• 1. Anna Bryan  |  August 5, 2010 at 4:36 am

    I think you actually have to have a reason for an appeal. This doesn't state any reason. Judge Walker claimed "X", but it's actually "Y".

    I think it's just a placeholder and that they have to file an amended appeal.

  • 2. Ann S.  |  August 5, 2010 at 4:36 am

    Anna, you're probably right.

  • 3. Rhonda  |  August 5, 2010 at 4:42 am

    My understanding is they automatically get an appeal hearing, just not automatic for full 9th district appeal board or SCOTUS.

    <3 Rhonda

  • 4. Sagesse  |  August 5, 2010 at 4:47 am


  • 5. Carole L Vincent  |  August 5, 2010 at 4:55 am

    Isn't there a chance that the State of Mass. challenge to DOMA might reach the Supreme Court first, ultimately making the Prop. 8 repeal unnecessary?

  • 6. Alan E.  |  August 5, 2010 at 5:05 am


  • 7. Alan E.  |  August 5, 2010 at 5:06 am

    No because the DOMA case is only about the Feds recognizing the state's decisions (individually) about what constitutes a marriage.

  • 8. Ann S.  |  August 5, 2010 at 5:11 am

    But DOMA also denies a number of federal benefits on the basis of the sex of the spouses. I wonder if the SCOTUS might combine the two cases. The issues are similar — can either Congress or a state enact legislation denying citizens the benefit of marriage based on the sex of the spouses?

  • 9. Harriet Forman  |  August 5, 2010 at 5:13 am

    Can anyone help me access the archive and read the post re: SCOTUS text re the Texas sodomy case?

  • 10. Bolt  |  August 5, 2010 at 5:16 am

    This is a bit off topic, but who gets to pay the legal tab? Did Walker settle that issue? I hope the state of California isn't stuck with the legal fees. The proponents threw themselves into this, and they should be expected to pay for it.

  • 11. Bolt  |  August 5, 2010 at 5:18 am

    Go to google, and type in Lawrence v. Texas. Your first option will be wikipedia. Links galore.

  • 12. Dave in CA  |  August 5, 2010 at 5:22 am

    Just want to say – the St. Louis stop tonight should be a doozie?

  • 13. l8r_g8r  |  August 5, 2010 at 5:23 am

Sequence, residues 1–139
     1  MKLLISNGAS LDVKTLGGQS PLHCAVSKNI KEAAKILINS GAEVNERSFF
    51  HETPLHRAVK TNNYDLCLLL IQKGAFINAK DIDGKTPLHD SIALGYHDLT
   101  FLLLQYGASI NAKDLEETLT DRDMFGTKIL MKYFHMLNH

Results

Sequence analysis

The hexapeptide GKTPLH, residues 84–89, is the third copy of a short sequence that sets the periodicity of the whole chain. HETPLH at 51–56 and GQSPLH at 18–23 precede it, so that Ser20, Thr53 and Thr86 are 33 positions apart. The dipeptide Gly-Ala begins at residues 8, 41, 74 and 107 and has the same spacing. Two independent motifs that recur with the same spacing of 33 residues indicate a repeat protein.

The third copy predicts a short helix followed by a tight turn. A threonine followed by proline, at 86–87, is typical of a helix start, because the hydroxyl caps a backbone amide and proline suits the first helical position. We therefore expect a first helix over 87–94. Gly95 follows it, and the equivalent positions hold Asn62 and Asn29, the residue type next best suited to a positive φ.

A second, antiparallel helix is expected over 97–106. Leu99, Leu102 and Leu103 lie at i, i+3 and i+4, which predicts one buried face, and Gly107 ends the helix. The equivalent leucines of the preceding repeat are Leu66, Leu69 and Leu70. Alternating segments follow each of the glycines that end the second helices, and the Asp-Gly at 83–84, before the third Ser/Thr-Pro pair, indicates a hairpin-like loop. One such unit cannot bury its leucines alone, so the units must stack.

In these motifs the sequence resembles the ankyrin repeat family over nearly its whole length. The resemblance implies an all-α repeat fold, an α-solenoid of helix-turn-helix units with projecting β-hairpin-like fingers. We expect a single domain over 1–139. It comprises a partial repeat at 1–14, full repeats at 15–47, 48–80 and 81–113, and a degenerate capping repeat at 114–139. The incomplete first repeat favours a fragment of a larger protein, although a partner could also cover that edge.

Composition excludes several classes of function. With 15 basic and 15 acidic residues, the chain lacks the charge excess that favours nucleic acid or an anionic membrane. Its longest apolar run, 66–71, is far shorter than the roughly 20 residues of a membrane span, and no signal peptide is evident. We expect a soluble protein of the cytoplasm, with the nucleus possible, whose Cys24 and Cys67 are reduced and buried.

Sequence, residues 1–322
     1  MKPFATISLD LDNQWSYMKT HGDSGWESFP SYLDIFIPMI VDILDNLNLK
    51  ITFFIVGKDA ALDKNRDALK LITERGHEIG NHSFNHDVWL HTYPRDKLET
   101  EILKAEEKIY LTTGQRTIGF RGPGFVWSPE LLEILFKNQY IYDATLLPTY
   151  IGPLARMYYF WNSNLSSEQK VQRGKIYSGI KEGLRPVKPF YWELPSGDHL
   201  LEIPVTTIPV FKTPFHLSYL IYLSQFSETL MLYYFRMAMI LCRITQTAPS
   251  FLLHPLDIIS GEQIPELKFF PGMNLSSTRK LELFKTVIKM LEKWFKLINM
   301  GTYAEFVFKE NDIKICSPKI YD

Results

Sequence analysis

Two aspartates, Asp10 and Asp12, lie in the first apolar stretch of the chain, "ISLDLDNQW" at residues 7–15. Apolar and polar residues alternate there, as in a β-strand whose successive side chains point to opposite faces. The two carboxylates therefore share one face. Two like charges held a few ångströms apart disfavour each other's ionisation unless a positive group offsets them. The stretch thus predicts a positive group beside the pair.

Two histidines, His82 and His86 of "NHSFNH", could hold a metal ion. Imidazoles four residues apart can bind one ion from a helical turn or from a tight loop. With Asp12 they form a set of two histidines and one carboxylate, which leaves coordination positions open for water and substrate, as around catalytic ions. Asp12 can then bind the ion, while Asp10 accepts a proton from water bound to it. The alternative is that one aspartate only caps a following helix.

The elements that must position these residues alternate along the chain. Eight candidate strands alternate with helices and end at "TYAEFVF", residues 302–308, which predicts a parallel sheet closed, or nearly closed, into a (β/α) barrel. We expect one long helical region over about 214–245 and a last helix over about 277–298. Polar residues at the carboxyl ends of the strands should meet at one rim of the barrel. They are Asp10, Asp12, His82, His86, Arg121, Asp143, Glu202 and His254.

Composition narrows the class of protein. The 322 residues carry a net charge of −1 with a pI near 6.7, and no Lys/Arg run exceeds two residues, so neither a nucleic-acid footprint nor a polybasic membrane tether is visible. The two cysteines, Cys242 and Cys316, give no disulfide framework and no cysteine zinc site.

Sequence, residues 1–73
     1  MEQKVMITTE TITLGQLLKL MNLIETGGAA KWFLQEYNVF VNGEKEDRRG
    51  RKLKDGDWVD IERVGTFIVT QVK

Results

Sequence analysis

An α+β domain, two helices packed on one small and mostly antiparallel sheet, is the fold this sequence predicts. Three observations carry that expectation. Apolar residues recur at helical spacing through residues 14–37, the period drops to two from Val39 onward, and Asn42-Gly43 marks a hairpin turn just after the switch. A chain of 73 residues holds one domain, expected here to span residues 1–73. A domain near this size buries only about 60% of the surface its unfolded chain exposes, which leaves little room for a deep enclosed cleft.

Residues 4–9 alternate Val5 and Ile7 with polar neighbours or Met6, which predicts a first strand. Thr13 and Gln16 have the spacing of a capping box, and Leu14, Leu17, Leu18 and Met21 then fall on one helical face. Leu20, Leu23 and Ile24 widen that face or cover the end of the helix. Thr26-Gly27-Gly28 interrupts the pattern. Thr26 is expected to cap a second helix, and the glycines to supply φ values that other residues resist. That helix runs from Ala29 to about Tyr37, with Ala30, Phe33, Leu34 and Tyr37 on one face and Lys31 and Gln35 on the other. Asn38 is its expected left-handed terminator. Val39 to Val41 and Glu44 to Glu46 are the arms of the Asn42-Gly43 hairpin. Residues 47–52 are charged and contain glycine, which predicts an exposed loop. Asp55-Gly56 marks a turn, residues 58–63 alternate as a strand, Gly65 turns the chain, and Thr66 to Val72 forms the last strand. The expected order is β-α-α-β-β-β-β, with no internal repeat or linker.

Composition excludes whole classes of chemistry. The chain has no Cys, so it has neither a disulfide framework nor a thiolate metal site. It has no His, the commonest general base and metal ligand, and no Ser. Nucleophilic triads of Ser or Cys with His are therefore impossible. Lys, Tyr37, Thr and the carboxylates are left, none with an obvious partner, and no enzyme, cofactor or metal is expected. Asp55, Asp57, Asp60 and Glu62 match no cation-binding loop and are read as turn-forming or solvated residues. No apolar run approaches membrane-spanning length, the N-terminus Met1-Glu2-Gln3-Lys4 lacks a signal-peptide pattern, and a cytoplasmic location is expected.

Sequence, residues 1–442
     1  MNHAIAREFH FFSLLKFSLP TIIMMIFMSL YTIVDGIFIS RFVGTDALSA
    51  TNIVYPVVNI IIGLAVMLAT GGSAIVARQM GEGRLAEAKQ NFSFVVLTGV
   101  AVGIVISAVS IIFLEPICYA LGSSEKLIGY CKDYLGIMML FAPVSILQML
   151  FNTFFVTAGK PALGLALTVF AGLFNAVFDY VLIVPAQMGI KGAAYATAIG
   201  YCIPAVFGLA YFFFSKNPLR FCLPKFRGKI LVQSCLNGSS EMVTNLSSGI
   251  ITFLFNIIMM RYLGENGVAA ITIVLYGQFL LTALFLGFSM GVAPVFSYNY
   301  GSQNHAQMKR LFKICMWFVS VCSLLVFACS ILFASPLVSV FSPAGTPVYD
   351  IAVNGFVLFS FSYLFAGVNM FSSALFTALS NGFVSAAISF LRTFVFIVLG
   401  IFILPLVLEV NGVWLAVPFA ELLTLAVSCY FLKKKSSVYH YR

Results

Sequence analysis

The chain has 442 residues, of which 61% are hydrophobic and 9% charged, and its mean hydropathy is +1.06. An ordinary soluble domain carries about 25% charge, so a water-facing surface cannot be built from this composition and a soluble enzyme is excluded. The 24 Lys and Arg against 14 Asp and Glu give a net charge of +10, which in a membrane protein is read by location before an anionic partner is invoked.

The notice of appeal is just something telling the other parties that they are going to appeal. It is entirely procedural. They have some time before they have to submit briefs that say why they're appealing and should prevail.

  • 14. Kevin  |  August 5, 2010 at 5:25 am

    @Ann: The Supreme Court cannot combine the DoMA cases decided by Judge Tauro and Perry v. Schwarzenegger because they present two distinct legal questions.

    @Harriet: It's easier to just read the decision:…

    @Bolt: California will not pay legal fees since Attorney General Brown and Governor Schwarzenegger refused to defend the suit. Cooper's legal team is independently financed, as are the Plaintiffs led by attorneys Olson and Boies.

  • 15. Elsie  |  August 5, 2010 at 5:28 am

    There are no "automatic" appeals except in death penalty cases.

    The parties have what is called "an appeal of right" which only means that IF a party appeals the decision of a lower court the appeal court MUST hear the appeal. The "en banc" appeal is discretionary, as is the writ granting certiorari to the SCOTUS, meaning that the court can decline to hear any further appeal.

    Depending upon the 9th Circuit's preference the court could decide the appeal with out a live "hearing" (oral argument) and just permit briefing to the court, but the court is almost certain to permit oral argument in this case because of its high profile.

  • 16. Kathleen  |  August 5, 2010 at 5:31 am